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Beef. It's What I'm Writing About 

Call it a primal urge or a backlash against tofu, but we're salivating for a juicy burger

Wednesday, Jul 30 2003
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Ever have one of those days where you're flipping through the channels looking for anything that isn't a reality show involving love, money, little kids singing the Titanic theme song, or celebrity has-beens eating bugs, and you see an ad for Thighmaster or Jack La Lanne's Power Juicer and for a second you actually debate calling in and ordering one? No? OK, maybe it's just me.

At any rate, a few weeks back I had the kind of Pavlovian response an advertiser wets his pants over to a "Beef. It's What's for Dinner" radio ad narrated by Sam Elliott. Call it a primal urge or a backlash against tofu patties, but I found myself salivating for a juicy, hunky burger, the kind of meat sandwich that satisfies the dormant carnivore in you, and one that doesn't skimp on fat, trimmings, or bun width.

Over the years, there have been several places where this craving could be curbed: the late, great Kieser's on Irving Street, an old-fashioned burger parlor that was king during my post-college years; Bill's Place out on Clement, still one of my favorite waitresses-wearing-uniforms, burgers-named-for-local-celebs kinda spots, though it's not quite as on top of its game as it was back in the day; and Joe's Cable Car in the Excelsior, definitely the place for patty melts (with extra grilled onions).

But for an all-around, dripping down your chin, rare means rare, no special sauce, no creative toppings ground-beef experience, Bullshead in West Portal (840 Ulloa, 665-4350) kills the cow.

Bullshead has been serving up "great meats, no bull" since 1979, under the spatula of Tom Shim and his wife, Soon. It has a large contingent of neighborhood loyalists and is also the unofficial hangout of campaigning supervisors, St. Francis Woods slummers, and the publisher of a certain other newspaper (who shall go unnamed). Décor is not the attraction here, nor is banquet space: The small, dark room is barely wider than a hallway, and if the smells of sizzling beef didn't give it away, you'd guess this was an old-timers' bar.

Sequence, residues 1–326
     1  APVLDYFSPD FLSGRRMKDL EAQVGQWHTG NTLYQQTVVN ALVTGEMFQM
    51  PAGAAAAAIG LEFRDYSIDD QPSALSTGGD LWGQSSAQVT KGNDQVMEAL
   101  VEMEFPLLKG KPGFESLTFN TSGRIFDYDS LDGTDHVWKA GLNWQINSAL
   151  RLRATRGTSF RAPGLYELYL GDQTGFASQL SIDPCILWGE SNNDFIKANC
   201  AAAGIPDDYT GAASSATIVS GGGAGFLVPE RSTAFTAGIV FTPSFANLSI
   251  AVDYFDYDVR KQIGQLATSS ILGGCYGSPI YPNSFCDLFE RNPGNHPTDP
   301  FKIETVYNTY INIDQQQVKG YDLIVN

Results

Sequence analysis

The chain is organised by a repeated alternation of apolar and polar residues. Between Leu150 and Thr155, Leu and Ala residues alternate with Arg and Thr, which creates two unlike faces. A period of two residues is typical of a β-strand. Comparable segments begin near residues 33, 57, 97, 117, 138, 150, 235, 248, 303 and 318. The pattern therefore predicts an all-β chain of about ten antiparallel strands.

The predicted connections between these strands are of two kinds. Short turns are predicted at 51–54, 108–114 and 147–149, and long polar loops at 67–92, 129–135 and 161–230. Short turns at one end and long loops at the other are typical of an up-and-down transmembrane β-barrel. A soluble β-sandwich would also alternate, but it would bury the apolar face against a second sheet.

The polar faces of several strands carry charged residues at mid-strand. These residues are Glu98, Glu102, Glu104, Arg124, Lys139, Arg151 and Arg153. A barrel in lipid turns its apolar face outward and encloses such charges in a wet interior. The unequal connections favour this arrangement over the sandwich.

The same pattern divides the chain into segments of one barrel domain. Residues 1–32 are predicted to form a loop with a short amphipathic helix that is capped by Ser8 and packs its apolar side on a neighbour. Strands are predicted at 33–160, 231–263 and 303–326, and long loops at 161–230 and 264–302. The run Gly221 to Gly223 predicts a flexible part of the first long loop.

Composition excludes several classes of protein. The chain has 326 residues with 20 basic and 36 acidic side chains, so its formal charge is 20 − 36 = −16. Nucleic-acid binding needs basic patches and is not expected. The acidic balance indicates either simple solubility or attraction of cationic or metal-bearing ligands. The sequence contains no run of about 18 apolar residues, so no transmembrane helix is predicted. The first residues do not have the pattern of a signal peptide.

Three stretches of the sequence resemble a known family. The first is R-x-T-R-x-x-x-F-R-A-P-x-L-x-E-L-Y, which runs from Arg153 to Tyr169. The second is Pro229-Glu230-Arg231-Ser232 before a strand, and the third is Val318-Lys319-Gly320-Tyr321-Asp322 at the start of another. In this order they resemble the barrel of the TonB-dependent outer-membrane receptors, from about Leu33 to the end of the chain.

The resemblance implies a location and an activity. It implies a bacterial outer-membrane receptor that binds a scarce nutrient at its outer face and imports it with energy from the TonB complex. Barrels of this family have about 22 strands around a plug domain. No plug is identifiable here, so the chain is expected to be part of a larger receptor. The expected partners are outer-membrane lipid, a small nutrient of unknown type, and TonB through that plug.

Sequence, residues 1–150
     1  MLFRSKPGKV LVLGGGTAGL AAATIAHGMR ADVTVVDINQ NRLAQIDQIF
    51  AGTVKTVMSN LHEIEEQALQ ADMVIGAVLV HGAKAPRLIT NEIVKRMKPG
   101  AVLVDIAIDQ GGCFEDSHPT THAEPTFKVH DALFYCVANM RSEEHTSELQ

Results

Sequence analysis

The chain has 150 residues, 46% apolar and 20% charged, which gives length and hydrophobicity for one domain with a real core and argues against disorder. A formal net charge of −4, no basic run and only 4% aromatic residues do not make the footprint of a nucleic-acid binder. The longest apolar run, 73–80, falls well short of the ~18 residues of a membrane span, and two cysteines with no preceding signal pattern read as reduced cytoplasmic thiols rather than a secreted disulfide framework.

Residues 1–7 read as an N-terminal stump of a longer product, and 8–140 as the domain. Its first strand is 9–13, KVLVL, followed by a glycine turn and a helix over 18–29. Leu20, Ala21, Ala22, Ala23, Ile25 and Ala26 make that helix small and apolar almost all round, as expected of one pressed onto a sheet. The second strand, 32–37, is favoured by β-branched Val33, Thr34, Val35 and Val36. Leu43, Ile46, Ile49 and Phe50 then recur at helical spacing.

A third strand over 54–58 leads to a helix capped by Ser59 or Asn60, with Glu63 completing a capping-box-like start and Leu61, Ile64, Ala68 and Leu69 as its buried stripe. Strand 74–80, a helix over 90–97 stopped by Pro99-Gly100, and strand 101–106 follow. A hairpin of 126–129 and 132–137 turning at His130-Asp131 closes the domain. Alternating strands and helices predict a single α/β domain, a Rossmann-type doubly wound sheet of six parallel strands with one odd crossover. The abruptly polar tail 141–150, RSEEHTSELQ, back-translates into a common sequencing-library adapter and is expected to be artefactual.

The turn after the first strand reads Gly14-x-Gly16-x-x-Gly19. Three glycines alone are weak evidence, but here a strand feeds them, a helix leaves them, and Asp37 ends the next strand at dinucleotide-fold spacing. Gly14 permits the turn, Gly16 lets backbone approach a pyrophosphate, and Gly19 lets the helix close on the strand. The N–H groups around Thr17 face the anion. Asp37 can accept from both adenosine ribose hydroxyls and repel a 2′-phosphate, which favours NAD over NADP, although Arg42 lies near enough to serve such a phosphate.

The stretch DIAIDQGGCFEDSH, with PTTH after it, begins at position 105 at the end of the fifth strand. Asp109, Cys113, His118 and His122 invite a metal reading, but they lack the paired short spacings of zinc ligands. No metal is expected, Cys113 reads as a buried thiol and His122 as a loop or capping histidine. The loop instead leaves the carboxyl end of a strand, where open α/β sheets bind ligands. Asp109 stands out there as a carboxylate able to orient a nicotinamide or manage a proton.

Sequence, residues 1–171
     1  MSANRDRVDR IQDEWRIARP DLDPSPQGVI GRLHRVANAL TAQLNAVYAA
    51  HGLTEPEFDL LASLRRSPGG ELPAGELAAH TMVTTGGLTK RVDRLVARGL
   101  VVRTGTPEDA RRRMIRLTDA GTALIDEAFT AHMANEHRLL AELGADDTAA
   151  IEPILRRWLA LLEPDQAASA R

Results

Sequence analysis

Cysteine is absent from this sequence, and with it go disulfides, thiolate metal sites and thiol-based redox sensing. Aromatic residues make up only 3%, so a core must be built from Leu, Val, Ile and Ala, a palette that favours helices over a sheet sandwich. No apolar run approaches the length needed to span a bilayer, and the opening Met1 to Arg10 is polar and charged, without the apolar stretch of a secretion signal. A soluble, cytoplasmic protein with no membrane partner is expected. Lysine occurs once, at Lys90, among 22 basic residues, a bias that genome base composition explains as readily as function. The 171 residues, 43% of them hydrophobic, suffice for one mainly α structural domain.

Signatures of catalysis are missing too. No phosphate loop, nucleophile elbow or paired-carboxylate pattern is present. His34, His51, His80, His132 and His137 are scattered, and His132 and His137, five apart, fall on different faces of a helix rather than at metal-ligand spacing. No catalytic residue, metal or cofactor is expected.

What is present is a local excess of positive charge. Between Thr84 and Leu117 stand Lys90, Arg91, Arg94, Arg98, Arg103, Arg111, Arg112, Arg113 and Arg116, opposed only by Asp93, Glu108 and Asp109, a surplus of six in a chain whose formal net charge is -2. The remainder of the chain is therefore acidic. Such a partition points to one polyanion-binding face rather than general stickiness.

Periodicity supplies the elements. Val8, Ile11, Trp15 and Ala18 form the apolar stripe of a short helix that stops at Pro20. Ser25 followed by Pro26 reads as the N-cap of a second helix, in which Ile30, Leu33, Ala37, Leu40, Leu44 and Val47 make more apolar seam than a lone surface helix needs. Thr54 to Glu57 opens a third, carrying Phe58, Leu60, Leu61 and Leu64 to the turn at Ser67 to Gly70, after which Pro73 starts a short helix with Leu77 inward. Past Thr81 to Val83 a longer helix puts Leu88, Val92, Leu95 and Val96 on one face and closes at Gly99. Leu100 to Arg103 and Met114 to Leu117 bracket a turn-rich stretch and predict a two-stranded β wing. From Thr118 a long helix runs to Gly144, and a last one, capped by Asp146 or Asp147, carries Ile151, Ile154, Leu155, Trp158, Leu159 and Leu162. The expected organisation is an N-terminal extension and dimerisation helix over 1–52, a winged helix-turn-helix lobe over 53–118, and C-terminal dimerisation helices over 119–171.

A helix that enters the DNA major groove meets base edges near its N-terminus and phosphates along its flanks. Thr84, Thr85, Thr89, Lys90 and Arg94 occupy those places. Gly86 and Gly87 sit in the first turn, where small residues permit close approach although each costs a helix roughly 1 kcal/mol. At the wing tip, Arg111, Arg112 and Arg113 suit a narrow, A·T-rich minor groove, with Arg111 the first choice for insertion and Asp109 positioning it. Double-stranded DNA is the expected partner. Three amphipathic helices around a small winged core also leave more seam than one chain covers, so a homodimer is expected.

But beauty, as they say, is only flesh deep, and once you sink your teeth into one-third or a half-pound of fresh-ground cornfed Midwest chuck, the beef-a-roma filling your nostrils, the meat juice staining your favorite sweater (sorry, just me again), you won't care if your chair hits the person behind you every time you take a deep breath.

Shim gets his beef from United Meat, a 78-year-old family-owned company in the city, then ages it seven to 14 days in-house; the various cuts are on display for diners who are picky about such things, but most leave the choice to Shim. He cooks his burgers over a charcoal broiler and serves them on sesame buns, with sides of coleslaw and hand-cut home fries. The secret, Shim says, is fresh, lean beef with no additives or sauces that cover up the flavor.

"We don't do anything tricky. And nothing's frozen or reheated. The flavor that comes through is just 100 percent real beef."

Reasoning that if a lot of meat is good, more must be better, Shim has recently decided to launch the woolly mammoth of patties -- the family burger -- a 1-pound slab designed to feed several people (or one really, really hungry velociraptor). He's had to delay its debut because he hasn't found a company that can make a bun big enough.

But frankly, if a half-pound of meat doesn't cut it, you've been watching way too much TV.

About The Author

Bonnie Wach

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